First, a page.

At least one casualty of the mess is likely to be the close working relationship that Peres has had with Annan, who has done more than any of his predecessors to normalize Israel's position in the U.N. Perhaps more important, Colin Powell, the U.S.'s sane diplomatic face to the world, has once again been sidelined by his own colleagues, snubbed by Sharon and Peres, and thus weakened inside the administration.
Still, Ahmed Aboul Gheit, Egypt's ambassador to the U.N., was optimistic that some compromise may still be achieved in the Security Council: "You cannot allow the secretary-general to be snubbed or rebuffed the way the Israelis have, and then say, 'I will fold my papers and walk away.' Then you are considering the future of the Security Council, the United Nations and everything else. In future, the response will be, 'See what you did with the Israelis? To hell with you!' That is what I was conveying to Americans today, and they themselves realize we need some kind of response -- I just hope it is not too timid."
Asked about the suggestion that the U.S. cut a deal that sabotaged the U.N.'s Jenin team in exchange for a Ramallah pullout, Gheit could not confirm it. "The team is important -- it is the image of the United Nations and of international humanitarian law. It should not have been compromised; it is shameful if that is true."
And yet, the refusal to allow a fact-finding team to enter Jenin is understandable if the reports from organizations such as Physicians for Human Rights and Amnesty International, not to mention much of the world's press, have any credibility. Ariel Sharon probably did not emulate a Sabra- and Shatila-style massacre in Jenin, but the consensus from most observers is that the manner of the Israeli assault broke international humanitarian law in many ways, from using civilian shields to refusing access to ambulances and relief supplies.
"The evidence compiled indicates that serious breaches of international human rights and humanitarian law were committed, including war crimes," concluded Amnesty, "but only an independent international commission of inquiry can establish the full facts and the scale of these violations." Physicians for Human Rights reported from the hospitals that "women, children under 15 years, and men over the age of 50 years accounted for over 50 percent of all admissions," and that its interviews "indicate multiple-day delays in enabling wounded people to reach a medical facility. The information received by the assessment team calls into question Israeli public statements that it seeks to provide assistance to the wounded on both sides."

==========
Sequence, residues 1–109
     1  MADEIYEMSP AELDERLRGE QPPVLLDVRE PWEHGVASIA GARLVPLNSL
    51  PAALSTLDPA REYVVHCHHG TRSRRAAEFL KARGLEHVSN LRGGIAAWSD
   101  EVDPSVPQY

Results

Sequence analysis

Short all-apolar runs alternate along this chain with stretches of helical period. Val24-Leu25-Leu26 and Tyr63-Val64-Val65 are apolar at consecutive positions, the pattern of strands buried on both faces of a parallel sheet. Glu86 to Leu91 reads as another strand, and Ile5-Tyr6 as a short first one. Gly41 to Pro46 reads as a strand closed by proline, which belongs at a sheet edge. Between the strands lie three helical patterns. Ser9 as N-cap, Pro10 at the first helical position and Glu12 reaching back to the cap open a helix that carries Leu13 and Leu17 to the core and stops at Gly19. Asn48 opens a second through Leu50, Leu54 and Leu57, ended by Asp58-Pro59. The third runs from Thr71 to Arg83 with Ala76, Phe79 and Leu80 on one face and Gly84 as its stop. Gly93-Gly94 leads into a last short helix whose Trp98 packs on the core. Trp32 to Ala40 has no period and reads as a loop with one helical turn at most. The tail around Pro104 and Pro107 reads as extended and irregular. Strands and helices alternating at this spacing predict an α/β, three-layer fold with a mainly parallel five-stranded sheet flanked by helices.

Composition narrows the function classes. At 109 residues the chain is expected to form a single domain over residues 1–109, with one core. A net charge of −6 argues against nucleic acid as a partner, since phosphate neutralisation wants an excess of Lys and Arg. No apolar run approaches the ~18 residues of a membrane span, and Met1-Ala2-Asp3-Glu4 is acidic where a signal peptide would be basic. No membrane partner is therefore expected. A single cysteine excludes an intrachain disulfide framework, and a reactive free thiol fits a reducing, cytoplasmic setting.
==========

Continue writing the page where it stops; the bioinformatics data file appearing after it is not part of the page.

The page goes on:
Of course Israel also compounded suspicions by keeping the media away as well. It seems that Israel's lawyers also suspected that no matter how much they tried to stack Annan's mission, circumscribe its mandate, restrict access to witnesses, and otherwise try to shape its findings, there was an overwhelming probability that the Israel Defense Force's actions would be found in violation of international law, with uncertain consequences.
But by shamelessly stonewalling the U.N., Israel has convinced much of the world that there may even be truth in the charges of a massacre. This is why Powell and others insisted that the U.N. mission could actually help Israel in the court of public opinion, which is not inclined to give Israel the benefit of the doubt. It's still possible that Israel's hardball moves will backfire and that the proposed fact-finding mission may yet be replaced by a more rigorous investigation, whether inside or outside the territories, which could come to more substantial and damaging conclusions.